Dev who, after spurning Paro's love due to a misunderstanding, turns to drugs and vodka for solace.
"Dev D" is a coming-of-age film that challenges the conventional Bollywood film industry. The story is a modern take on a classic novel, and the amazing cinematorgaphy portaits beautiful rural india and shady parts of Delhi. The music is both breathtaking and bizarre as it reflects the emotional capacities, struggles, and lifesytles of young Indians caught between conservative Indian society and modern western sensibilities.
3 IdiotsAmit Jain
Two uni friends embark on a quest to find their lost friend.
This film is witty, emotional and uncontrollably entertaining. Questioning the current education system in India, the movie is subtle in its messages and the many golden rules which can change one's life in a big way. The cinematography and locations used are simply breathtaking. "3 Idiots" is a laughing riot that talks about the most important of human pursuits and preaches not to chase success, but to "...chase excellence and success will follow".
A politician's relationship with his unusually developed son - the child suffers from a disease that causes him to age rapidly, rendering him an old man.
"Paa" invokes thought on varying subjects of modern Indian urban life from single parenthood and rare disease, to the media and its influence on politics and human relationships. The performances from the entire cast are fabulous, especially the lead who is brilliant in his role. It blends emotion and laughter in just the right places, and makes this film a definite family entertainer.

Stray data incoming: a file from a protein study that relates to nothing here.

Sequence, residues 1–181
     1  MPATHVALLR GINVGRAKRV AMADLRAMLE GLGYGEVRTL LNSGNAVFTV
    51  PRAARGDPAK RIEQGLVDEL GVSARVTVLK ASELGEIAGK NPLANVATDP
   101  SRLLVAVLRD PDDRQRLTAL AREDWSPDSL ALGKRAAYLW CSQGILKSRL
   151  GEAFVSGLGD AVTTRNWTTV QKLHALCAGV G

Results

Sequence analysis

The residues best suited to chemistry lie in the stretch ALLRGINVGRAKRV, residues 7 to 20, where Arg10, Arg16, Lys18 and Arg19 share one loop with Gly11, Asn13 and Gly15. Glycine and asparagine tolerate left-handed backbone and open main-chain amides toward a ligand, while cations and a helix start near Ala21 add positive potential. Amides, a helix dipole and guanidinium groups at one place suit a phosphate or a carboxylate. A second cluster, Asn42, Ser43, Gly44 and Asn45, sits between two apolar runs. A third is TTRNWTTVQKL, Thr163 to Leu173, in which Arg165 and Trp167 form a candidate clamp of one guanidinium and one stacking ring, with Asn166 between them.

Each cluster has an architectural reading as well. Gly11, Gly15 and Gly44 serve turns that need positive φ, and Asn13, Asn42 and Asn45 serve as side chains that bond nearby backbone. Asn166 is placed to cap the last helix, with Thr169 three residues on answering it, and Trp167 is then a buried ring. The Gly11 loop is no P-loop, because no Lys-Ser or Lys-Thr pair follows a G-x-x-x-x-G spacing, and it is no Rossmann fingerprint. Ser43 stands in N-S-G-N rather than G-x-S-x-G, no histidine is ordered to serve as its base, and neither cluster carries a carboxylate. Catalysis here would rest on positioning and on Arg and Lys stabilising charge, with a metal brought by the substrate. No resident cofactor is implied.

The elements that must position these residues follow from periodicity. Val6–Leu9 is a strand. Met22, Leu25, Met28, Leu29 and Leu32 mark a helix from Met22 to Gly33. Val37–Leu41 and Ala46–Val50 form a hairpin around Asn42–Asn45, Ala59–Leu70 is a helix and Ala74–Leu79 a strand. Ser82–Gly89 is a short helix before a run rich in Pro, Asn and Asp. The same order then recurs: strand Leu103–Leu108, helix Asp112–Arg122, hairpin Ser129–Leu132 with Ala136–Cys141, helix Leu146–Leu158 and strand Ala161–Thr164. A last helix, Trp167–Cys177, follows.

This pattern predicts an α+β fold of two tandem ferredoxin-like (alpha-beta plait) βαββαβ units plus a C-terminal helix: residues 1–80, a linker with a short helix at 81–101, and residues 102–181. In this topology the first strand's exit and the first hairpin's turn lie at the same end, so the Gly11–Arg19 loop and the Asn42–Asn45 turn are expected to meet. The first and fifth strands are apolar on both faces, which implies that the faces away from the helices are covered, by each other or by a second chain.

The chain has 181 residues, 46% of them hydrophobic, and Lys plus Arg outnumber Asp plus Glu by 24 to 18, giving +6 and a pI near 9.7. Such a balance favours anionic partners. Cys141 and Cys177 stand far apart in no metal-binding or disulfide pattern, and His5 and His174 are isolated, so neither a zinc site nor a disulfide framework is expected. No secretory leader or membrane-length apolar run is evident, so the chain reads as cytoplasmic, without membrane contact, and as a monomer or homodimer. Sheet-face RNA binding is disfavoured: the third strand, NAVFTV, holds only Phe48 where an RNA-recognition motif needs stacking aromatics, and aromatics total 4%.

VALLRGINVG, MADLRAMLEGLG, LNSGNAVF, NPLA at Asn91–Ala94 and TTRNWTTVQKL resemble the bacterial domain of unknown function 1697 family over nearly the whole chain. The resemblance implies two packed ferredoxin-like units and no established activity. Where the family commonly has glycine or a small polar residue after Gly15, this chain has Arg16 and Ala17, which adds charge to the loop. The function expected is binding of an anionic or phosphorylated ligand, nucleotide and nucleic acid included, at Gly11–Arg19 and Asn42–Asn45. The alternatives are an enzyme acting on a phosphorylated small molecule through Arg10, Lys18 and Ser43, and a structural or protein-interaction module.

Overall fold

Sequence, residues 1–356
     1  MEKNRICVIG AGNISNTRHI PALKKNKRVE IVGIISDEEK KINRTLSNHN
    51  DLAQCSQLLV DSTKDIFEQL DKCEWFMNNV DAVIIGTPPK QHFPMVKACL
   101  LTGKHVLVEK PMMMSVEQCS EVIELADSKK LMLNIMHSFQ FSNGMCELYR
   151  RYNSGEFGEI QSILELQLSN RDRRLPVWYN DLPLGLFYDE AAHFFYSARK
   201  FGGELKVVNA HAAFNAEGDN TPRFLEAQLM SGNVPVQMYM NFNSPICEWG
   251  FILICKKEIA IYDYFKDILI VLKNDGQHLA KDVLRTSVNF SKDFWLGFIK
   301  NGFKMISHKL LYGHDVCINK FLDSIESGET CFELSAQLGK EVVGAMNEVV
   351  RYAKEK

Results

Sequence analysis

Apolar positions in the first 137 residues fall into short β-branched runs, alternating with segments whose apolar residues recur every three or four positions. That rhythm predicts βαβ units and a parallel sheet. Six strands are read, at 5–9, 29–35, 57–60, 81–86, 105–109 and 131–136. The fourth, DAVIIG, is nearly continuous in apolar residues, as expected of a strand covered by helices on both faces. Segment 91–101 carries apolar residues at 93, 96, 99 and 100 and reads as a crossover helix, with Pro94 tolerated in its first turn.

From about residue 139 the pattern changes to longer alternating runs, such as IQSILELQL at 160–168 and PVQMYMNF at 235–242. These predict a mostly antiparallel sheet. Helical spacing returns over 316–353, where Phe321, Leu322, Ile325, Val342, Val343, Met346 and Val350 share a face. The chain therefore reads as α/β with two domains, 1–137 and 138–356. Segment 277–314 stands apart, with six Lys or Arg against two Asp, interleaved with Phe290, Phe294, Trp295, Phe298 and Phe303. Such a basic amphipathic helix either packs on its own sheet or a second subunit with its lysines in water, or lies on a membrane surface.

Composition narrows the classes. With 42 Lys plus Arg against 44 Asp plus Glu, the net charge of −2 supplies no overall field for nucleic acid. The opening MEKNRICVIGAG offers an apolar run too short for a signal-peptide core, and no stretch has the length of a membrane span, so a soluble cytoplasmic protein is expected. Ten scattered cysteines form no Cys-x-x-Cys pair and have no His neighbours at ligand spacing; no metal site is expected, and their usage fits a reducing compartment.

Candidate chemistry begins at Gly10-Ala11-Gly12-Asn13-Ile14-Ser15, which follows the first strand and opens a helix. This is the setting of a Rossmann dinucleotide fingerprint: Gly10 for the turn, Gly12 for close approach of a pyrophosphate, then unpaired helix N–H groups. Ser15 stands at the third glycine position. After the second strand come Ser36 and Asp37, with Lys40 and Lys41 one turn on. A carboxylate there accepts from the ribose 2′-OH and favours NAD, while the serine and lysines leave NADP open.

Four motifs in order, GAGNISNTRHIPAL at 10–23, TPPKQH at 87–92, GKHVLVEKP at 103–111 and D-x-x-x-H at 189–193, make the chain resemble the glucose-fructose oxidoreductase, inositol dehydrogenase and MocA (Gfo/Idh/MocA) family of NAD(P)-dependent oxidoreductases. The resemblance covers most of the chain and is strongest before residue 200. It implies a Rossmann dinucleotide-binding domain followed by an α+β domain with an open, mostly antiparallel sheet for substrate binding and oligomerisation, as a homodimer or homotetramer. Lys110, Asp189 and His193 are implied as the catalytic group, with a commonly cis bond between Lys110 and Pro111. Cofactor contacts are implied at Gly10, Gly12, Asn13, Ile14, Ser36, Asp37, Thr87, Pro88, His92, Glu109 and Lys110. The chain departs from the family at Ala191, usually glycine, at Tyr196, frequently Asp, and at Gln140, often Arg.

Wake Up SidAmit Jain
A romantic comedy involving a lazy, rich, and unmotivated slacker called Sid and a career-oriented aspiring writer.
"Wake Up Sid" is a fresh new age romance set in the urban jungle of Mumbai. A well directed feel-good movie, it has a wonderful all-star cast with a beautifully subtle soundtrack (not the typical Bollywood dance numbers). A relaxed, cool film that accurately portrays modern Indian youth while exploring events that most of us would have lived through.
When a landlady, to protect her sexy niece, turns down two young men eager to rent her apartment, they pretend to be gay.
Similar stories in Hollywood have produced deplorable fare, but how does the Bollywood version compare? Laughs are the same, elicited from the "obvious" humour in straight people playing gay stereotypes. The best scenes involve Sam's mother, who unintentionally becomes aware of his lifestyle change, a key scene that introduces the running themes of family and forgiveness. "Dostana" is superficial, but you will find it hard to resist its glamour and charm.